Annotated Swadesh wordlists for the Temein group (East Sudanic family).

Languages included: Temein (Rongo) [tem-tmn]; Doni (Jirru) [tem-don]; Tese [tem-tes].


I. Temein (Rongo)

Stevenson 1983a = Stevenson, Roland C. Temein Work Sheets. Ms., available at: // Several hundred basic lexicon items for the Temein language, recorded by Roland Stevenson and scanned by Roger Blench. Most of this data remains officially unpublished.

Stevenson 1957 = Stevenson, Roland C. A survey of the phonetics and grammatical structure of the Nuba Mountains languages, pp. 3-5. In: Afrika und Übersee, 41, pp. 27-65, 117-152, 171-196. // This publication, among other things, provides a brief, but informative sketch of the grammar of Temein, well illustrated by lexical material.

II. Doni (Jirru)

Stevenson 1983b = Stevenson, Roland C. Keiga Jirru Work Sheets. Ms., available at: // Several hundred basic lexicon items for the Keiga Jirru, or Doni, language, recorded by Roland Stevenson and scanned by Roger Blench. Most of this data remains officially unpublished.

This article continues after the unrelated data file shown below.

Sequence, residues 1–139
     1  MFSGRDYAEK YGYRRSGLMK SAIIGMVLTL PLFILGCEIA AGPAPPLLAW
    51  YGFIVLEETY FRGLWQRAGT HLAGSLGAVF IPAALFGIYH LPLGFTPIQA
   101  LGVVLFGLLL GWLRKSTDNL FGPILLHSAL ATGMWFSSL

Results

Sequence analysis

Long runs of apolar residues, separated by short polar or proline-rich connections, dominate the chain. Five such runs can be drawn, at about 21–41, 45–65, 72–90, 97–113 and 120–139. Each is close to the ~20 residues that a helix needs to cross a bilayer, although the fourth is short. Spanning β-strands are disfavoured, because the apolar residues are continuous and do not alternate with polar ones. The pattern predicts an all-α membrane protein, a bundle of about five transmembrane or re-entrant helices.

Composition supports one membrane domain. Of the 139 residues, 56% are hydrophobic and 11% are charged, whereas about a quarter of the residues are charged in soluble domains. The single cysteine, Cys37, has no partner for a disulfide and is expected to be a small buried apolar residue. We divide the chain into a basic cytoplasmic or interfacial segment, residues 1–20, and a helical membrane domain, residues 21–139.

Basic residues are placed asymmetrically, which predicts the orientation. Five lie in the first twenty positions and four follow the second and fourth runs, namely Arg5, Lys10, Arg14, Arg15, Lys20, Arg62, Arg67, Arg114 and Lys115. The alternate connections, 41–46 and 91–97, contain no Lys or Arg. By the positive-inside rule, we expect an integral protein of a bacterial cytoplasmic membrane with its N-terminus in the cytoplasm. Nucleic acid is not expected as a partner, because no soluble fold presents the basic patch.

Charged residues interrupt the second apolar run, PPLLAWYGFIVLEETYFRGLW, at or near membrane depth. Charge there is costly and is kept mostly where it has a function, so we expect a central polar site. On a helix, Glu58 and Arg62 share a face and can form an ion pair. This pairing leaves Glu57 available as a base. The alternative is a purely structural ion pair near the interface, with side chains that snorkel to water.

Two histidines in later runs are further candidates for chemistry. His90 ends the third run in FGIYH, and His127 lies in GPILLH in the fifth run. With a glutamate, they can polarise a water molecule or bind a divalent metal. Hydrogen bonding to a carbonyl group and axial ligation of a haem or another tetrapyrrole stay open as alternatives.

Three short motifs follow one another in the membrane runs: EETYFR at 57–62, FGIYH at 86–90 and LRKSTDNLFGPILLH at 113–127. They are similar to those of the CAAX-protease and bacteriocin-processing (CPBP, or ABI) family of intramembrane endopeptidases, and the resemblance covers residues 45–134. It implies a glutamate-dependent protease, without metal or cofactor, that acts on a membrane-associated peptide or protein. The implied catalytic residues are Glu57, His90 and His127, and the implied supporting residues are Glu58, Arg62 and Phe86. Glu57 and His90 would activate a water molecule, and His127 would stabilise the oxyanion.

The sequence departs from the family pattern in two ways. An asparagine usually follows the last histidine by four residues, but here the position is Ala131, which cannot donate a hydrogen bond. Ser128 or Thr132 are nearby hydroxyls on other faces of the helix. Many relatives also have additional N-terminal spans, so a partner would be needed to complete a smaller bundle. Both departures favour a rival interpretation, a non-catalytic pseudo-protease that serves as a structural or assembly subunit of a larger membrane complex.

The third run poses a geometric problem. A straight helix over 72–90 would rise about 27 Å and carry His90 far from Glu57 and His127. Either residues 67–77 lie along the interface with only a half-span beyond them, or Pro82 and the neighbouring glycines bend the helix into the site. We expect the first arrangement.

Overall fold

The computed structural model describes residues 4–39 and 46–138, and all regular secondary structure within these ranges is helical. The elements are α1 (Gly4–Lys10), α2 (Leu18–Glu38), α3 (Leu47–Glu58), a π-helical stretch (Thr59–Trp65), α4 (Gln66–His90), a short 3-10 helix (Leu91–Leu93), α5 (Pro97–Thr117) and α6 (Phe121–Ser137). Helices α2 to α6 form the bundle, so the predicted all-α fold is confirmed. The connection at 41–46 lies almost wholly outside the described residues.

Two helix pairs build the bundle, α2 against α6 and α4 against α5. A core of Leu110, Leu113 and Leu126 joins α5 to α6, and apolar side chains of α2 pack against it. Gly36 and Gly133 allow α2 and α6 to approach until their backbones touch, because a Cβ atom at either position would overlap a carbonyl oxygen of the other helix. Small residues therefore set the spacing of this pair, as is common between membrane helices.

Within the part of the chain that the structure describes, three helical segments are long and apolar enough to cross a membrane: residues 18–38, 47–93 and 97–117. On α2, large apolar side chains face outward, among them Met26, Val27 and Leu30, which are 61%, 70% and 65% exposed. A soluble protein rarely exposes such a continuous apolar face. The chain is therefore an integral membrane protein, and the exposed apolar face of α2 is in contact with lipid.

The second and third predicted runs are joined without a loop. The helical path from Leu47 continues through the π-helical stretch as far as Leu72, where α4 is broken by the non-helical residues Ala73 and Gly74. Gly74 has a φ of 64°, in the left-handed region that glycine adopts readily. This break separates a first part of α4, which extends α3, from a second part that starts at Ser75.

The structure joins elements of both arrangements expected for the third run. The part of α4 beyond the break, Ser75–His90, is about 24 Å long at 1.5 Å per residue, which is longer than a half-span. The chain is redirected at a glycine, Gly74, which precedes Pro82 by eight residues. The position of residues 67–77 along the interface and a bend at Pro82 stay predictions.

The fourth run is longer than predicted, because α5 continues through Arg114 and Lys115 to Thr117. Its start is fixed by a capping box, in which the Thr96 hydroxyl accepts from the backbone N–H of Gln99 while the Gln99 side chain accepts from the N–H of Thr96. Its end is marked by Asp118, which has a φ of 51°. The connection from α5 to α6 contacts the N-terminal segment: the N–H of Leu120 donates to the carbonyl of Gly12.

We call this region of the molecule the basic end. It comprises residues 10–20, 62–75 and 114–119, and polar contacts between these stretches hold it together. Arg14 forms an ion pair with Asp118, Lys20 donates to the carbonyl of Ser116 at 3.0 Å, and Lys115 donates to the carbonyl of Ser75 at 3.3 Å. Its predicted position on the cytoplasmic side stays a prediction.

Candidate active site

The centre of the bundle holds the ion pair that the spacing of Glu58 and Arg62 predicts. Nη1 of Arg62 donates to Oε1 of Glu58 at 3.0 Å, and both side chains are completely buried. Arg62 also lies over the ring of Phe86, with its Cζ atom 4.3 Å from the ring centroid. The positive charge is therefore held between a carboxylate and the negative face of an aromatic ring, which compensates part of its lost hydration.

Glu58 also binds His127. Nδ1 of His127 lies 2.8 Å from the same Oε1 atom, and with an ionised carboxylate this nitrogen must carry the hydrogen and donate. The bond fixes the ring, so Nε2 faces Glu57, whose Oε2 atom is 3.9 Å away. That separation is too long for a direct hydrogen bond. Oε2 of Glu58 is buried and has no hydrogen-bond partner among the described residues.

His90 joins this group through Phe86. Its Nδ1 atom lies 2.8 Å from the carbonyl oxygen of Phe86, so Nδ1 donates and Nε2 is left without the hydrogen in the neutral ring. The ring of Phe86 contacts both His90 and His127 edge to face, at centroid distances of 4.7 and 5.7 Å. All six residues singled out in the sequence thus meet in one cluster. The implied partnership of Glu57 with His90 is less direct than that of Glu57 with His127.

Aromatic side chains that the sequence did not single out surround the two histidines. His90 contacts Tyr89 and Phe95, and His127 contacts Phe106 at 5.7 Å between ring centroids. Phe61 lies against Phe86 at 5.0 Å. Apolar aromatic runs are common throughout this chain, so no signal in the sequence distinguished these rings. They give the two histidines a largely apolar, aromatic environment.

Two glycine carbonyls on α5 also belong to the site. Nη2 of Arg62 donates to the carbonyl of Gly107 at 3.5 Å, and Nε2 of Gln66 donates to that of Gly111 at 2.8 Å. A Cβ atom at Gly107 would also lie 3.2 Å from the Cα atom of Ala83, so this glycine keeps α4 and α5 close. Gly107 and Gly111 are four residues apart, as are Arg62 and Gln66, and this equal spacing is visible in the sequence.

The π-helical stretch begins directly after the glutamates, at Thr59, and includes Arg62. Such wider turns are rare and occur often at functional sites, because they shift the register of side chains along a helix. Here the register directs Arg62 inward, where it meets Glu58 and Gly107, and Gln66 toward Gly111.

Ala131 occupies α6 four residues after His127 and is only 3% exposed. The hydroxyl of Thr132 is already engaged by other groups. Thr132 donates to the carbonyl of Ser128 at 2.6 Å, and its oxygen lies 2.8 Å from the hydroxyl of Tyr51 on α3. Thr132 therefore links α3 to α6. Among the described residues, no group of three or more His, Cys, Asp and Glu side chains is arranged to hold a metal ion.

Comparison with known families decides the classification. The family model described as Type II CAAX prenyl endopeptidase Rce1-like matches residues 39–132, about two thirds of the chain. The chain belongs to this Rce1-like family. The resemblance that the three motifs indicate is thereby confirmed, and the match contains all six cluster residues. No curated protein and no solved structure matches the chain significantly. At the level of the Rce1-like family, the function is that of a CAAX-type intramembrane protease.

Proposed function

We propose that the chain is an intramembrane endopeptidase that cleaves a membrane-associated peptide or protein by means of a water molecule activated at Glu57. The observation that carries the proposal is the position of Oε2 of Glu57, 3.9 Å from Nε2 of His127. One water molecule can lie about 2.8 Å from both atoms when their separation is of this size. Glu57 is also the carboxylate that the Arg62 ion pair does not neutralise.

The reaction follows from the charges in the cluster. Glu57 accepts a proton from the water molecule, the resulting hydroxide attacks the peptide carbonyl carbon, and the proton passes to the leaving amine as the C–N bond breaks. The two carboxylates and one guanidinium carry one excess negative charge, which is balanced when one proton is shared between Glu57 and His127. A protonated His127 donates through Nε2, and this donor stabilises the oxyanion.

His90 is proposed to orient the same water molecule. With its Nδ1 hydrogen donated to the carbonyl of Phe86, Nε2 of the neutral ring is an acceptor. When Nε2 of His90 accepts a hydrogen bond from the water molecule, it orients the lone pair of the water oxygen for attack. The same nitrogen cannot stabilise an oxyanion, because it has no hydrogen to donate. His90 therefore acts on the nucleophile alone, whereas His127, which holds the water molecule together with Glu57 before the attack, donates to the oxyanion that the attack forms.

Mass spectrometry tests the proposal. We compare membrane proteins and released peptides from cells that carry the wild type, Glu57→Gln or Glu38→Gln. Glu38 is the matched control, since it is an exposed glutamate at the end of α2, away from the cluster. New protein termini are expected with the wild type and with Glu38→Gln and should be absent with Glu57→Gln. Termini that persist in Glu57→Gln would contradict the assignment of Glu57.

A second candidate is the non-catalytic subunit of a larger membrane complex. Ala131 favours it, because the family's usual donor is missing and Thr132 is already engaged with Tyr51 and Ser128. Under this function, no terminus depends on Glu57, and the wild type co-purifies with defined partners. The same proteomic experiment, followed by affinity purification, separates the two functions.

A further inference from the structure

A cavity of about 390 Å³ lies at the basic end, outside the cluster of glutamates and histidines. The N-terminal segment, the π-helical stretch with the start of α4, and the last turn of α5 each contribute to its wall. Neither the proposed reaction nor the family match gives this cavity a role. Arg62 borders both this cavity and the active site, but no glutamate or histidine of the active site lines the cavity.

III. Tese

Stevenson 1983c = Stevenson, Roland C. Teisei umm Danab (Tese) Work Sheets. Ms., available at: // // Several hundred basic lexicon items for the Teisei umm Danab, or Tese, language, recorded by Roland Stevenson and scanned by Roger Blench. Most of this data remains officially unpublished.

Yip 2004 = Yip, May. Phonology of the These language. In: Occasional Papers in the Study of Sudanese Languages, 9, pp. 93-117. // The only officially published source specifically devoted to Tese, this is a sketch of the language's phonological system, richly illustrated by lexical data.